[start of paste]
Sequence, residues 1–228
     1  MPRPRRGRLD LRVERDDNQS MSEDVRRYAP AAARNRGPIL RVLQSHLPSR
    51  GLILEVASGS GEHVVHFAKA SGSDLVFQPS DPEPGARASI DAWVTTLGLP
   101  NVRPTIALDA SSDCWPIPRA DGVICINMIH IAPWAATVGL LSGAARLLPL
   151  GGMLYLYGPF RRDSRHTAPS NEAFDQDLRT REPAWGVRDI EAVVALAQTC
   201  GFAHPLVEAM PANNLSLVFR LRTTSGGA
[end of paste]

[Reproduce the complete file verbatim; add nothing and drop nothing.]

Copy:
Sequence, residues 1–228
     1  MPRPRRGRLD LRVERDDNQS MSEDVRRYAP AAARNRGPIL RVLQSHLPSR
    51  GLILEVASGS GEHVVHFAKA SGSDLVFQPS DPEPGARASI DAWVTTLGLP
   101  NVRPTIALDA SSDCWPIPRA DGVICINMIH IAPWAATVGL LSGAARLLPL
   151  GGMLYLYGPF RRDSRHTAPS NEAFDQDLRT REPAWGVRDI EAVVALAQTC
   201  GFAHPLVEAM PANNLSLVFR LRTTSGGA